Twilight at the World of Tomorrow: Genius, Madness, Murder, and the 1939 World's Fair on the Brink of War [Audiobook] - Love!
What is it about World's Fairs and craziness and/or horrible ironies? Though I've not finished Devil in the White City, I know those two things play a part and the Fairs talked about in Dawn of the Belle Epoque seemed to attract these issues as well!
I'm beginning to rethink my wish to visit a World's Fair before I die!
New York's Fair of 1939 took place amid the disaster of The Great Depression and the coming storm of WWII. Something that was suppose to reclaim land long an eyesore, bring needed revenue to the city, celebrate scientific advances and the promise of tomorrow, and reiterate the goal of peace in the World failed on all counts. Even as the fair was going on, pavilions were being built or were maintained for countries that no longer existed. War was coming and even Einstein knew it by the end of the fair. Science advances gave way to entertainment to try and entice people through the gates, and their fairy tale future was too expensive for people at the time to believe and would soon cease to be a possibility because of the growing conflict. Also, the science they were celebrating would help bring about the destructive end of the war in Japan. The fair was a fiscal disaster and the bond holders barely got their money back, much less brought money to the city. As for the land, it was suppose to be used as a park afterwards, but these buildings that had been built to celebrate peace instead housed military as the U.S. entered WWII. It's all but pathetic.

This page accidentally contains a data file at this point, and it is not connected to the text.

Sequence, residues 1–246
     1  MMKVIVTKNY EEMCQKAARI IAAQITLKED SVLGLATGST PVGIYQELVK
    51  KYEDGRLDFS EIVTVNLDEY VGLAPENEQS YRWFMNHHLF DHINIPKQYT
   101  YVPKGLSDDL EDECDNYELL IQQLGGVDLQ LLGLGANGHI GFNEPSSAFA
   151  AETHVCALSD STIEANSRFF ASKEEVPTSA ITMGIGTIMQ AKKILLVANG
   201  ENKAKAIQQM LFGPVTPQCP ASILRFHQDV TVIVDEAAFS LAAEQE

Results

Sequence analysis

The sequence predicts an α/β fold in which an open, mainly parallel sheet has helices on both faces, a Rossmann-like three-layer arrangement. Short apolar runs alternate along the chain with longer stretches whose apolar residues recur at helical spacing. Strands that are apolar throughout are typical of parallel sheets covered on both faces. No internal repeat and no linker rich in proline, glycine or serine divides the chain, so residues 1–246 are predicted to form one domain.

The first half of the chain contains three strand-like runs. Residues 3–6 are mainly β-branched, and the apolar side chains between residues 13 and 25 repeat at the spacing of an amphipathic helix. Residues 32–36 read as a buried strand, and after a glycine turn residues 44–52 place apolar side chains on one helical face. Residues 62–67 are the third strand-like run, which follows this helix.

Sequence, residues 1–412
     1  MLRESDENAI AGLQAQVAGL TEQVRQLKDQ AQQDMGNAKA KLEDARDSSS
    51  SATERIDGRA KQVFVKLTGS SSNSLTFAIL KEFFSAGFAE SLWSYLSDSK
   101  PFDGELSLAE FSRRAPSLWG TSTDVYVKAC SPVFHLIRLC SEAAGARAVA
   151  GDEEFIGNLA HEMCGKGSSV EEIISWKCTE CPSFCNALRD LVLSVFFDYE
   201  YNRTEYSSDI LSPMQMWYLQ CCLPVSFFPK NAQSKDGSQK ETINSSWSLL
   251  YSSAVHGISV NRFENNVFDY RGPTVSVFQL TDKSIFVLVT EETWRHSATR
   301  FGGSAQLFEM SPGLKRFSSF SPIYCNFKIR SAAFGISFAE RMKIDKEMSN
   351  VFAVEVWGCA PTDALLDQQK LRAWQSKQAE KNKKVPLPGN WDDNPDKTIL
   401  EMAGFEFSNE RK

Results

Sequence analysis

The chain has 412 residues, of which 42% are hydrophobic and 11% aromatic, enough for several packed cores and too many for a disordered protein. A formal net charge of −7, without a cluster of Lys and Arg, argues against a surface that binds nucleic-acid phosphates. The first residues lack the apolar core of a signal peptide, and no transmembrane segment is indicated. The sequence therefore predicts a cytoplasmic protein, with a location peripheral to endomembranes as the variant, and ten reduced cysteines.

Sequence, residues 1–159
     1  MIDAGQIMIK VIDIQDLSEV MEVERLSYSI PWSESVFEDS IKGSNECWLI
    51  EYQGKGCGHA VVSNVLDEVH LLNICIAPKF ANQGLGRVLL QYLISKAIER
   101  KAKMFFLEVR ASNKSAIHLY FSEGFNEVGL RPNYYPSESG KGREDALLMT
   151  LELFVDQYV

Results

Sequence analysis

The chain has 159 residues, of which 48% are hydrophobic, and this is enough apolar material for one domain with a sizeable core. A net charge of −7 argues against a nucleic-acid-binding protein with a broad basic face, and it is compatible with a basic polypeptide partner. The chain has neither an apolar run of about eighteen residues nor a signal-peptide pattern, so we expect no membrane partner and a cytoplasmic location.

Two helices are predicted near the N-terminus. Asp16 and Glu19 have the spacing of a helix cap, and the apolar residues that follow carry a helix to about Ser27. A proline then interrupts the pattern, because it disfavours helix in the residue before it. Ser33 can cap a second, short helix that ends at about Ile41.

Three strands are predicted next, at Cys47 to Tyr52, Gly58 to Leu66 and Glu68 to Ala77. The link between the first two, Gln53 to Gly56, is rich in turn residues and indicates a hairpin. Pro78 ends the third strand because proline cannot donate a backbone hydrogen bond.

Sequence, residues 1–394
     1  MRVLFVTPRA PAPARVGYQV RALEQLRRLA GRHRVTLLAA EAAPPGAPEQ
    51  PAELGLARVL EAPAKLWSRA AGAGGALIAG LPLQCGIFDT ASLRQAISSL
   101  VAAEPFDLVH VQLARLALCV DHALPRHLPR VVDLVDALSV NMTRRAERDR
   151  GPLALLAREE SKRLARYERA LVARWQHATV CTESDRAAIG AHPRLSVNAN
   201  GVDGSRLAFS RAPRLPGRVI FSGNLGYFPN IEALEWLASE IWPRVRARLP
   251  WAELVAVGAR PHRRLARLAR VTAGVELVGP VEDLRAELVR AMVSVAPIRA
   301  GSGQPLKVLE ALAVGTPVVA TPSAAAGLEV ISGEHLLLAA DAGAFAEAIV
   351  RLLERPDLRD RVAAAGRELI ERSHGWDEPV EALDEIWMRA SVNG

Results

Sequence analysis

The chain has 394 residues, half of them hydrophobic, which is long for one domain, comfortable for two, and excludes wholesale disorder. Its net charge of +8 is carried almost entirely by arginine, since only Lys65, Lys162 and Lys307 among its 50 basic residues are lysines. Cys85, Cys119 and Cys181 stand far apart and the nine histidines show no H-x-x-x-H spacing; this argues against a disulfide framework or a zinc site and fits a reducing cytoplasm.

All of this doesn't even get into the often larger then life people who brought the World's Fair into existence, those that played a part good or bad in it, and those touched by it. Politics, interesting people, the world moving towards the point of no return, and bomb threats and explosions all come together to make this an interesting and thought-provoking read. Politics don't tend to interest me, but I couldn't stop listening to this.
I spent all those hours wondering who'd read this book and thinking how well they captured the writing style, making this very interesting to listen to. When I found out the author read this, I was both surprised and not. I've had mixed experiences with authors reading their work: some are brilliant while others really should have someone else bring their creations to life. This book, however, felt like the author was having a very long, very detailed conversation with you. Not to everyone's taste perhaps, but I love learning from knowledgeable people.
I recommend this book if you're interested, as I am, in the history of World's Fairs and/or the lead up to WWII. This is an interesting story of history I've never head before and am glad I learned about it now and from such a fun book!